You are facing GraphQL API and want to test its security. But introspection query gives you huge unreadable JSON, web application uses only part of GraphQL API, and of course there is no public documentation. How to understand and test GraphQL API in such case?
Luckily there is the tool called GraphQL Voyager which visualises GraphQL schema. It’s especially useful for understanding GraphQL API and finding authorization vulnerabilities.
If you are new to GraphQL here are good starting points for learning it:
- https://www.howtographql.com/ — takes interactive approach with practical tasks and milestones. Gets you from zero to your first GraphQL application.
- https://graphql.org/learn/ — utilises documentation approach. Good to learn specific topics on GraphQL.
- [upd 04.07.19] https://ctf.hacker101.com — HackerOne created two tasks for GraphQL. It’s a good place to give Voyager a try. Tasks named as BugDB v1 and BugDB v2.
Why use GraphQL Voyager?
First step in testing GraphQL API is understanding what it does. Usually there is no web page with documentation since GraphQL is self-documented by design. This means you can execute specially crafted introspection query to obtain GraphQL schema. Schema contains all public information about GraphQL API.
Unfortunately schema is usually returned as huge JSON thus it’s to understand API by reading it. A visual representation of the same schema is a completely different story. Better to see once than hear a hundred times:
How to use
Use of Voyager is relatively straightforward. For example let’s get visual representation of SWAPI GraphQL:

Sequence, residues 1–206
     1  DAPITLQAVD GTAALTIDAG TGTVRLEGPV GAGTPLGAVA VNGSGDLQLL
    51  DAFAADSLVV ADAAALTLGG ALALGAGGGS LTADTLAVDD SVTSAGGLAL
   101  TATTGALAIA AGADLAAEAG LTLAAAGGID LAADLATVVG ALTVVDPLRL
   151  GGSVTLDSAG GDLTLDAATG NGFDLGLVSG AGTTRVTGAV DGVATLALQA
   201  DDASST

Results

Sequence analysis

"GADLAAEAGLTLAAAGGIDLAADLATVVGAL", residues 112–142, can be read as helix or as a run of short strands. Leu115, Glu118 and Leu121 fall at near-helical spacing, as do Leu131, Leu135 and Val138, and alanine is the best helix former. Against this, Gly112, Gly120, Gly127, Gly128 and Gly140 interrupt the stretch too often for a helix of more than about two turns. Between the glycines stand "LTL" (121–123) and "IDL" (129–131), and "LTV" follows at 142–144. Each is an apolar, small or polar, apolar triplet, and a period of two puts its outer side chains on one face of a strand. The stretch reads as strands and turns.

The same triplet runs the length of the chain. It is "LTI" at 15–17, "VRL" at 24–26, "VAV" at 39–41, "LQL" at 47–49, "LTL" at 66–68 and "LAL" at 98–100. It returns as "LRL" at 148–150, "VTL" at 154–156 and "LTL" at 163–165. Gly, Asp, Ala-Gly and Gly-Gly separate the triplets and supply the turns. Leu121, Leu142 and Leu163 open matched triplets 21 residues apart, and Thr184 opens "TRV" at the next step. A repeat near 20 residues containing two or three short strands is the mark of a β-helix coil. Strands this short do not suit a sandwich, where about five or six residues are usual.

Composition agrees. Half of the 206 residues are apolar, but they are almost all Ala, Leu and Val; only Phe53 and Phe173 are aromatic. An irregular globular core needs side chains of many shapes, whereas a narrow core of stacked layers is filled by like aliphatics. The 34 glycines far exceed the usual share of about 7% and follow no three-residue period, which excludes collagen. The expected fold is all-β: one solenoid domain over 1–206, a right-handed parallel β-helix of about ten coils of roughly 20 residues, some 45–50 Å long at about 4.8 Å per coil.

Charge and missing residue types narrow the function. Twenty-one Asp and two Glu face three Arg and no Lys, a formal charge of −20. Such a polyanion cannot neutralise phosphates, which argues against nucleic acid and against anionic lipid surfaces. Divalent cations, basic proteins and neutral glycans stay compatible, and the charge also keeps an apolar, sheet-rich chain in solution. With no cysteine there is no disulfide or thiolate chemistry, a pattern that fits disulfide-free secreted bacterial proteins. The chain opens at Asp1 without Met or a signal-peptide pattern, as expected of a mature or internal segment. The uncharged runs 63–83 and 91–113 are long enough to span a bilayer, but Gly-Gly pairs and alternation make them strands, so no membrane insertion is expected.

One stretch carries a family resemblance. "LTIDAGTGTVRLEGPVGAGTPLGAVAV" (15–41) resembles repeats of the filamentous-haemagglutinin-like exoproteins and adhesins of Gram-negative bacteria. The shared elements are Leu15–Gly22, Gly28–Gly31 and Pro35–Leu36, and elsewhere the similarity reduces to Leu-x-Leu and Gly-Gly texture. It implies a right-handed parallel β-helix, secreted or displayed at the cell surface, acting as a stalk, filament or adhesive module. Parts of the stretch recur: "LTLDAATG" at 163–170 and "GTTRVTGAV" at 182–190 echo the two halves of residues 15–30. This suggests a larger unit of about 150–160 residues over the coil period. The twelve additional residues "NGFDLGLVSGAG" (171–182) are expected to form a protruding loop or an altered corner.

Step 1. Obtain specially crafted introspection query:
- Go to https://apis.guru/graphql-voyager/.
- Click “Custom Schema”.
- Click “Copy Introspection Query”.
Step 2. Execute introspection query agains target GraphQL endpoint:
- Go to https://graphql.github.io/swapi-graphql.
- Paste introspection query into the request.
- Issue the request.
Step 3. Copy and paste obtained GraphQL schema to Voyager.
Step 2 may vary from target to target since GraphQL requests may be implemented differently but you’ve got a general idea.
GraphQL Voyager is great tool which helps you understand GraphQL APIs. It gives you a full picture of what you can do with GraphQL API.
But it can be further improved by adding a “diff” feature. The idea is that you can monitor changes in target’s GraphQL API and then visualise diff of this changes. This will help you to quickly reveal new functionality and understand changes in existing one.
I’ve created an issue for the diff feature on Voyager’s GitHub. You may contribute in its development by: